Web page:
Você está na página 1de 3

New York Times: http://www.nytimes.com/2009/05/10/magazine/10wwln-safire-t.


On Language

Choice or Necessity

Pedro Vilas-Boas
Published: May 8, 2009

On a “Meet the Press” in February 2004, Tim Russert asked President George W. Bush whether,
in light of not finding weapons of mass destruction, “you believe the war in Iraq is a war of
choice or a war of necessity?” Bush replied: “It’s a war of necessity. In my judgment, we had no
choice when we look at the intelligence I looked at that says the man [Saddam Hussein] was a

The question was probably bottomed on a combination of phrases in a Washington Post op-ed
article that appeared not three months before by Richard Haass, who was a foreign-policy
adviser in both Bush administrations and is now president of the Council on Foreign Relations.
Haass, a longtime pal despite our different foreign-policy mind-sets, has a book out this month
that is an insider’s memoir of the two U.S.-Iraq wars titled, “War of Necessity, War of Choice”
(Simon & Schuster, $27).

The competing phrases are likely to be the rhetorical fulcrum of debate for the next months or
years about the war in Afghanistan, and each is fraught with opinion. (Fraught is academese for
“weighted, freighted, laden,” usually married to “with danger.”) As the two collocations line up
“realists” (like the elder Bush and Obama) against “idealists” (like Reagan and Bush the
younger), the clashing words deserve analyses of their origins and contrast.

Haass cites Maimonides, the 12th century Jewish scholar, as differentiating “obligatory” wars of
religion and defense from more “optional” campaigns extending boundaries. Grant Barrett,
partner in the new online dictionary Wordnik.com, has found the first English use placing both
phrases in direct opposition in The Times (London) of 1801. Lord Romney (later Earl of
Romney, no kin to our Mitt) wrote about the war between France and England that led to the
Treaty of Amiens a year later: “It was not a war of choice on our part, but a war of necessity. . . .
We engaged in it for the protection of our Laws, our Constitution, our Liberty, and Religion; and
in this object we succeeded.” Note that in this first instance of the phrases used together, the war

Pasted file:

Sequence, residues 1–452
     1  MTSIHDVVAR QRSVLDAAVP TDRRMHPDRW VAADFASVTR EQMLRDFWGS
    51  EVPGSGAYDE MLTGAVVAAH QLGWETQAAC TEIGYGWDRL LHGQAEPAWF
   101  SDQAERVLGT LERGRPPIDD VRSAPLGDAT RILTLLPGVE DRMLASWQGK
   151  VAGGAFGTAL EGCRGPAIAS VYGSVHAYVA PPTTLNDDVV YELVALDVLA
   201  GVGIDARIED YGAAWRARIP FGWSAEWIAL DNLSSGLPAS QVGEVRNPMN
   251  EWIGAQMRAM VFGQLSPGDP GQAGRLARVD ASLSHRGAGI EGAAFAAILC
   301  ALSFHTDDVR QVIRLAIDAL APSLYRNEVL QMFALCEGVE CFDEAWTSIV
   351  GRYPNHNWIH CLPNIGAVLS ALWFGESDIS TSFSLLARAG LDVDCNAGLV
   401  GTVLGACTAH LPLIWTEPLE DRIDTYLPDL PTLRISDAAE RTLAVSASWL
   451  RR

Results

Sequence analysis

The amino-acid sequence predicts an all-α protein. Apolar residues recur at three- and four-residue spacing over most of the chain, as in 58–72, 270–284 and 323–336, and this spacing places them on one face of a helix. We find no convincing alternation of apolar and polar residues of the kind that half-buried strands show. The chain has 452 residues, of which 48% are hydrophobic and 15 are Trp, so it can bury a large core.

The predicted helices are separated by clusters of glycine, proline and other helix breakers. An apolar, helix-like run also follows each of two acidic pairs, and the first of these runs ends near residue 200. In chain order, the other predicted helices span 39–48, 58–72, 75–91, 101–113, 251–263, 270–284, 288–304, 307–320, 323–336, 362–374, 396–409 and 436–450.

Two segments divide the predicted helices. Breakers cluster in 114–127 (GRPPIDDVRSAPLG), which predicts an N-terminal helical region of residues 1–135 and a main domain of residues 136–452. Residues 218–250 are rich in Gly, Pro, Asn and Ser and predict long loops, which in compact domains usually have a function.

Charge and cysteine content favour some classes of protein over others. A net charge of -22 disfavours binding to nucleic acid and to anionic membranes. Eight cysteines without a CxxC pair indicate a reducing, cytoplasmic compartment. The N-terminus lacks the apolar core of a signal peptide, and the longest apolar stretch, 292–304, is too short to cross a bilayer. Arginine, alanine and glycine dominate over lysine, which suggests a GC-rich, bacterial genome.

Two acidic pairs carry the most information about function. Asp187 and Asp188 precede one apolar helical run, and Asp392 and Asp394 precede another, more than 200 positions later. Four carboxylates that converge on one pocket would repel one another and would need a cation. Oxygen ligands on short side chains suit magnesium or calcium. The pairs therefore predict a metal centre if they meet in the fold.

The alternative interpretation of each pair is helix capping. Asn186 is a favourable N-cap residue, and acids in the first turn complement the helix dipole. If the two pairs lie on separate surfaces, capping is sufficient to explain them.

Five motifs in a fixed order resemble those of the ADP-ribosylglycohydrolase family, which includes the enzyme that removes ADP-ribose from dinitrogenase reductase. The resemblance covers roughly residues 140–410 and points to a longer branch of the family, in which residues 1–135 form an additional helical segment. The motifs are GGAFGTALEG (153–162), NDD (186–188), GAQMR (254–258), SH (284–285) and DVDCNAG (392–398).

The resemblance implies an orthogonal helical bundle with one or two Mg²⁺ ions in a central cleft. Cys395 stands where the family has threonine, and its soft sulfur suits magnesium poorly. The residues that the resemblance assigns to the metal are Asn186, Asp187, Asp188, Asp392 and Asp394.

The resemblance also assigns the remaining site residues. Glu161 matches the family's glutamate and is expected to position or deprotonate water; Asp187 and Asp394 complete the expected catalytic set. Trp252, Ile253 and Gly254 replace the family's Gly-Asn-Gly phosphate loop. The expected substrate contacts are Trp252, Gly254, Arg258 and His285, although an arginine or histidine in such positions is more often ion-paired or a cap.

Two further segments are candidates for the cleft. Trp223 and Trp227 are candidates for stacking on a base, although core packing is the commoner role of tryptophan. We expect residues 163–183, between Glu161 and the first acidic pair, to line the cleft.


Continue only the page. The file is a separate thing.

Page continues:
of choice was mildly derogated while the war of necessity was used to denote a justifiable war of

Along came Napoleon; and Britain’s Prince Regent, who later became George IV, told
Parliament in November 1813 that “the war, in which the allied powers are engaged against the
ruler of France, is a war of necessity to defeat “his views of universal dominion.”

For more than the century and a half that followed, the phrase war of necessity dominated, and
war of choice seemed to fade. But Menachem Begin, the Israeli prime minister — who may well
have studied Maimonides — speaking in Hebrew on Aug. 8, 1982, to the National Defense
College in Jerusalem about Israel’s “Operation Peace for Galilee” war in Lebanon, contrasted
what was officially translated as “wars of no alternative” with “wars of choice.” He included the
War of Independence and the Yom Kippur War as “no alternative,” fighting for the nation’s very
existence, but the Sinai campaign and the Six-Day War and the Lebanon operation as “wars of
choice” — akin to what others would call “preventive war” — quite justifiable for self-defense
but with alternatives arguably available. One year later, the Times columnist Anthony Lewis
wrote, “In Israel there were and are deep divisions over what is called a ‘war of choice’ — not of

Through the next decade, Barrett reports, both phrases were used about a variety of conflicts,
including a war of choice in Bosnia. On March 9, 2003, Thomas Friedman brought the two